The Stanley twin brothers built their first light steam-powered car in 1897 in Newton, Mass. There were more than 200 customers for that model, so more sophisticated, stylish and powerful cars soon followed.|
Steam cars could out-accelerate gasoline-powered cars. In 1906, on the beach at Daytona, a specially equipped Stanley was clocked at an incredible 127 miles per hour. Top speed in a steamer seemed to be limited only by the bravery -- or foolhardiness -- of the driver.
In 1908, the Stanley brothers produced and sold (for about $2,500) a Gentleman's 30-horsepower Speedy Roadster capable of 60 miles per hour that could run more than 50 miles on a single tank of water. Since these almost 13-foot-long models were the sporty/racing cars of 1908, most were driven into the ground.
Jim Keith, a Virginia real estate agent, believes only four of the 1908 Stanley Model K semi-racers survived. There are two in museums, one is in Massachusetts, and is one in his garage.
He bought his 1908 Stanley in April 1992 from a man in St. Thomas, Pa., who had the garage, but not the time or patience to restore the car.
``It was a challenge,'' Keith admits. For two years, every free moment was spent in the shop in Pennsylvania working on the Stanley. ``I took it apart up there,'' Keith said. Once his treasure was disassembled, Keith could determine what, indeed, he had or didn't have. Unfortunately, he discovered the wood frame and wood body were rotted and the original dry-running engine was missing.
Using the rotted wood parts as patterns, Keith fabricated a new white ash frame and a poplar body. A 12-piece, wooden, four-spoke steering wheel caps the nickel-plated steering column. A 1916-vintage 20-horsepower engine was located which, by the way, is wet-running, meaning it runs on oil and does not have to be lubricated at each fuel stop. The engine may be 20 horsepower, but the boiler's 30 horsepower generates tremendous power. Keith says such a setup was available only in 1907 and early 1908.
Although the car came with a 60 mile-per-hour speedometer, ``it'll do 80,'' Keith said. Under the hood is the boiler, and the brass-shrouded engine is mounted under the car at the rear.
A spur gear on the crankshaft meshes with the gears in the differential. Consequently, when drivers of other cars of that era start, they must slow to shift gears. All the Stanley driver must do to accelerate is keep advancing the throttle lever on the right side of the steering column.
The roads in 1908 were not congested, so braking wasn't a major concern. Two-wheel mechanical brakes did the job. As a concession to modern times, however, Keith installed a pair of hydraulic brakes. ``It's capable of going so fast,'' he said, ``I couldn't operate it safely in traffic.''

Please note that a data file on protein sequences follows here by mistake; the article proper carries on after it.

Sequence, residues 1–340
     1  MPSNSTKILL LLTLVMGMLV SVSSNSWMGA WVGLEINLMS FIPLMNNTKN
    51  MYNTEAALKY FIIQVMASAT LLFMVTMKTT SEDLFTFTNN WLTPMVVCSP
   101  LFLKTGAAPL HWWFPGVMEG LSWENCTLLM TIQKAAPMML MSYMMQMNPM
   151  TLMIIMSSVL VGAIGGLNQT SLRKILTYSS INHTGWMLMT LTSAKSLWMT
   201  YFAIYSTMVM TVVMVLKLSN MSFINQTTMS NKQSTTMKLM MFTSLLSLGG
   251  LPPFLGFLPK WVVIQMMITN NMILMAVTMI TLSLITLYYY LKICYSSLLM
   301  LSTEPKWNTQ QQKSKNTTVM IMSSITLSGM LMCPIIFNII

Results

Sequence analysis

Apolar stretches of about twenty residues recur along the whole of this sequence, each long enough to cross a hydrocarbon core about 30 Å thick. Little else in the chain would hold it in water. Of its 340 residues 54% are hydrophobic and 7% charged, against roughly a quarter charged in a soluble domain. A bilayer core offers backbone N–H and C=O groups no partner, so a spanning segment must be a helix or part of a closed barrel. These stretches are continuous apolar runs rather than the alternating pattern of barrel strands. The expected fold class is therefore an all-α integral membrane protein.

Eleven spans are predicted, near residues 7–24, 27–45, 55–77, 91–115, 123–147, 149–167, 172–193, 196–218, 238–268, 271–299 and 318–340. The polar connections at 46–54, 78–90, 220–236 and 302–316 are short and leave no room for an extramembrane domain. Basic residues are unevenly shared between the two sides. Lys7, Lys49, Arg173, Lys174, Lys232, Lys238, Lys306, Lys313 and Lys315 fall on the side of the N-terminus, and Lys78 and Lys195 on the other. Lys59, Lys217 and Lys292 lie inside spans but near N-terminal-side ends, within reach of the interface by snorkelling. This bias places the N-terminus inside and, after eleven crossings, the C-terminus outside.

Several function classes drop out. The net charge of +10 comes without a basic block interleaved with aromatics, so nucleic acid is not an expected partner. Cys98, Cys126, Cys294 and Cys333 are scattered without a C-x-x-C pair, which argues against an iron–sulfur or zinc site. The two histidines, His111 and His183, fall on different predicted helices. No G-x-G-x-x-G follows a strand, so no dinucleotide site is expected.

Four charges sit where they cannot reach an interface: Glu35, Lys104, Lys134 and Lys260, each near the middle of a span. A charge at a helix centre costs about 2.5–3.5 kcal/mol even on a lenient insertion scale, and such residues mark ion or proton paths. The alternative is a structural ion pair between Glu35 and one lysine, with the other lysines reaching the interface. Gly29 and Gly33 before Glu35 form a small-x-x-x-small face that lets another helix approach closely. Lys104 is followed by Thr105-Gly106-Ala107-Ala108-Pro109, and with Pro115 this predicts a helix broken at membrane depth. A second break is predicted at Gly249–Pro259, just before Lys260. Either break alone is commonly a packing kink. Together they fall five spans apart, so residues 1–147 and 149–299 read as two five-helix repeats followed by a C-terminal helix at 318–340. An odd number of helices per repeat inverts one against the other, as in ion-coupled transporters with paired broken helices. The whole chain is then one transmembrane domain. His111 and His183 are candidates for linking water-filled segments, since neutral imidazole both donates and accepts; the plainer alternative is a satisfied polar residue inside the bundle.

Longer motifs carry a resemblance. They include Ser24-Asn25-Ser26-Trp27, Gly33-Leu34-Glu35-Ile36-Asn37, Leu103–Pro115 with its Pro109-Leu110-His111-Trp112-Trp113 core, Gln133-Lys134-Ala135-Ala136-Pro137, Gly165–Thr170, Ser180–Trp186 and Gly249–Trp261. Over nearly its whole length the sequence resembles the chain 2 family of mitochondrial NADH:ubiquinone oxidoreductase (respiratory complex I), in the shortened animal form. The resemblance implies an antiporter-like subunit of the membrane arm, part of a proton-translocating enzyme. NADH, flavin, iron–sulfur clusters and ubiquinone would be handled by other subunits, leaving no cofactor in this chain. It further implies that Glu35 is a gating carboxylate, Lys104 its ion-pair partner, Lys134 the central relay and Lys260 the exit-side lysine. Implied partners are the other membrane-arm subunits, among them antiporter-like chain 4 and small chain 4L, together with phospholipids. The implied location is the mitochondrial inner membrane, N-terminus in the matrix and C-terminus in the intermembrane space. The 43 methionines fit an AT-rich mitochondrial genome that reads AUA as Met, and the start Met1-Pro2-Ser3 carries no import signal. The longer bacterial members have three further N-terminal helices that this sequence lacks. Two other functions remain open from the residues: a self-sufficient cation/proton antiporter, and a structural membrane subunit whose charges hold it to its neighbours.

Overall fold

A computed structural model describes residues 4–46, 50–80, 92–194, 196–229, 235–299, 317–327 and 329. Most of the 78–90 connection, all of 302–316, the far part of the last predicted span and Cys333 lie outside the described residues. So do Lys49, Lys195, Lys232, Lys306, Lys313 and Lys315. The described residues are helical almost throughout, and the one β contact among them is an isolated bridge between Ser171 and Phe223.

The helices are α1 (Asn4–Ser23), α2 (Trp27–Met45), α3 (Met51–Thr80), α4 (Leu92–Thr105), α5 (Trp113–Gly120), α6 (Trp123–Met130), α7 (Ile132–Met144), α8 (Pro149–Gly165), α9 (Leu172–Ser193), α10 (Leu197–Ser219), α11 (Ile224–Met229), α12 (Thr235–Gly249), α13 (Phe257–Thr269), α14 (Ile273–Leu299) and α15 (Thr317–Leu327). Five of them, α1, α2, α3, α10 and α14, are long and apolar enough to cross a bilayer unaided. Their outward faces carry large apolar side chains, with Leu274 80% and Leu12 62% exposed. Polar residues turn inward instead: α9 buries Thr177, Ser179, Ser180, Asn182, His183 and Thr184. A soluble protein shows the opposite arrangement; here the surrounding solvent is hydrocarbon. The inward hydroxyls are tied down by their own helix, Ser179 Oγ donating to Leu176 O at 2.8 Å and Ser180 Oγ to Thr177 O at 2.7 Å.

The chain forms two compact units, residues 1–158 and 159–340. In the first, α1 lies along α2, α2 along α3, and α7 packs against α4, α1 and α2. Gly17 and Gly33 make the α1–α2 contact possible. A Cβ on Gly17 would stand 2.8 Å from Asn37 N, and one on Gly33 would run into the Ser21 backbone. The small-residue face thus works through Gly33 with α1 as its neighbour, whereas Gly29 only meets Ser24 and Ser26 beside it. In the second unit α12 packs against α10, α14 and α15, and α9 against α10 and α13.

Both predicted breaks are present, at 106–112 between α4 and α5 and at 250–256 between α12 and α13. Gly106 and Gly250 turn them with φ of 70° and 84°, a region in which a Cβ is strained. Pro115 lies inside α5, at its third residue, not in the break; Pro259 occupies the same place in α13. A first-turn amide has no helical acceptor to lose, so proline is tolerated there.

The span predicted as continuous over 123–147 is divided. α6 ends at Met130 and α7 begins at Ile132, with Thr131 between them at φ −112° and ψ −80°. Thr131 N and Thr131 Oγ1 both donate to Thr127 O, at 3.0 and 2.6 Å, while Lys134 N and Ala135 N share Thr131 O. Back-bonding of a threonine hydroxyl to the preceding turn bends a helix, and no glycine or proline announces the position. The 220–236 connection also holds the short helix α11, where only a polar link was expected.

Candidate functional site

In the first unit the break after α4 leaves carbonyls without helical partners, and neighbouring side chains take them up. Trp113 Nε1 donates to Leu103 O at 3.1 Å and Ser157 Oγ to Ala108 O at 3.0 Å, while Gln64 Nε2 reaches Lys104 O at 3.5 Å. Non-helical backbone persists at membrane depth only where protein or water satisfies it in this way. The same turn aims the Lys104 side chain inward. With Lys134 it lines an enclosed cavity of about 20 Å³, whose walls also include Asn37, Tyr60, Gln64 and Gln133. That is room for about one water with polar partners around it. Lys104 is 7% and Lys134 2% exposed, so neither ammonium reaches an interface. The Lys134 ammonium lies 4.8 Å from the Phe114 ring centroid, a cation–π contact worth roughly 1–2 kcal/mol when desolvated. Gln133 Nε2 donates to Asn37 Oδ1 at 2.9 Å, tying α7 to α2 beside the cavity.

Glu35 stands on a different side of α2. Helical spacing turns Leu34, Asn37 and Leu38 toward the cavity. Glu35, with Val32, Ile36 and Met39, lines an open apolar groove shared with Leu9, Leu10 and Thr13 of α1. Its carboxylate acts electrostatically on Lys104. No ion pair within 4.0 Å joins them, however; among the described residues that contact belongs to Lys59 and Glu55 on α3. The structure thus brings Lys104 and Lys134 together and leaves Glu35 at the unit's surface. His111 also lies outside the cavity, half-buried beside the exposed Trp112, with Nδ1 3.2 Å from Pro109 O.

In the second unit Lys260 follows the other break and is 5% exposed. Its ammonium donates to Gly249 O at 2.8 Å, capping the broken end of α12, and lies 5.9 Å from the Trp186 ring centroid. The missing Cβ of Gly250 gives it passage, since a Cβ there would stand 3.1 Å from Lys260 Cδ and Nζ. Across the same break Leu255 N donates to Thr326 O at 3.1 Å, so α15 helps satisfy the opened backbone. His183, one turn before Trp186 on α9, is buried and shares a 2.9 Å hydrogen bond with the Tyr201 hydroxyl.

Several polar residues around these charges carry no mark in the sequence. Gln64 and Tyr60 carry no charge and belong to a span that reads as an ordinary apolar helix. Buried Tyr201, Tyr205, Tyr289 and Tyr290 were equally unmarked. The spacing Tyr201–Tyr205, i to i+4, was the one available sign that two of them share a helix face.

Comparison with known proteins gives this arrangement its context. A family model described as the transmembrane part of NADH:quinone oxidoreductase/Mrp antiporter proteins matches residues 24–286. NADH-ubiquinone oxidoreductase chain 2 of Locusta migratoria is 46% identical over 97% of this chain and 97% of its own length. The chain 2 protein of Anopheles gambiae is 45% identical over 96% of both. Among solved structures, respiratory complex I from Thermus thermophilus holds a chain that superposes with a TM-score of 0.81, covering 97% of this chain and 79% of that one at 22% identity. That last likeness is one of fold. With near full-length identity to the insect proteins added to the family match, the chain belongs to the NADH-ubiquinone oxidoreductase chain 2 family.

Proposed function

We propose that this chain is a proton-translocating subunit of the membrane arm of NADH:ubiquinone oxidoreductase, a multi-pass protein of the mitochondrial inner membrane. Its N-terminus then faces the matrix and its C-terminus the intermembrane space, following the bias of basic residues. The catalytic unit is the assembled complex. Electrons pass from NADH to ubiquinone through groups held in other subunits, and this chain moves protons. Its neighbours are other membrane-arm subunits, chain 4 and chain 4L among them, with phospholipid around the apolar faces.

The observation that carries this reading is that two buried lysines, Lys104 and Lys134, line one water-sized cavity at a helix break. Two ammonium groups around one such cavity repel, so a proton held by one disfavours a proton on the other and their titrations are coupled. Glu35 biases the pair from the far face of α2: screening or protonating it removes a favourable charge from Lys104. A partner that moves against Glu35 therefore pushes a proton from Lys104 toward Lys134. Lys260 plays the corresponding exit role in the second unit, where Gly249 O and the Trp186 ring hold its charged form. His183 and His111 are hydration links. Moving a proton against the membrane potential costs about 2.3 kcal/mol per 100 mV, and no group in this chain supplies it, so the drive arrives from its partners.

Behind the two seats is a brass cap on the 35-gallon water tank. Behind that tank is an 11 1/2-gallon kerosene tank. ``I love the sporty rear-end,'' Keith said. A two-gallon hexane tank (used as pilot fuel) is on the left running board. Keith said he's able to buy the clean-burning hexane from Exxon.
In normal modern-day driving, Keith reports mileage figures of one mile per gallon of water, seven and a half miles per gallon of kerosene, and one gallon a day of hexane.
The side lamps, as well as the single taillamp, are fueled by kerosene and must be lit and the wicks adjusted. The handsome, brass headlamps, however, are acetylene -- but only temporarily. Keith, citing safety, plans to electrify the headlamps.
``I had a terrible time putting the car together,'' Keith said. ``It was painful fitting all the parts.'' Now the red car with black trim and yellow stripes is as it was when new. All a motorist has to keep in mind if he should want to drive the Stanley is to keep the fuel tank pressurized, and to mind the drip valve, air pressure control for main fuel system valve and the blow down tank valve -- all on the outside of the car on the driver's (right) side.
The six valves on the dashboard control the main engine firing, the hexane, air to the fuel tank, the pilot light and the air valve. In addition, Keith made the boa constrictor horn that snakes up the right front fender. He has a steam line running to the mouth and a ``venom'' valve to spew steam from the snake's mouth. ``You should see the children's eyes pop,'' he said.
The front water pump is regulated by a control on the left side of the steering column.
The main fuel pressure tank gauges are on the dashboard as well as the water sight gauge. ``That's the most important gauge on the car,'' Keith said.
On the floor are two sets of two pedals. Reversing is accomplished with the left set of pedals while braking is done with the right pair. A brass pedal protruding through the floor operates the earsplitting steam whistle.
Once the car was restored and reassembled, Keith had the seemingly endless miles of yellow pin striping done by a Pennsylvania man.He also had a musical instrument restorer treat as much brass as possible on the car with the same preservative used on brass musical instruments to reduce the polishing time.``It's a sporty-looking animal,'' he said with pride.
Keith said that only a few Stanleys were equipped with 40-spoke wire wheels. Mounted on the wheels are 4.00x36-inch tires.
When Keith steps up to the 21-inch-high running board to climb into his sporty Stanley, he is reassured by the three tool boxes on the running boards.``You can't have enough tools when you break down,'' he said, echoing a fact of life to the 1908 motorist.
``I really like early cars,'' Keith said. ``I'm charmed by the brass era.''
Not all creatures share in Keith's fondness of steam cars. ``The car has a nice voice,'' Keith said, ``but the neighborhood dogs don't like it.''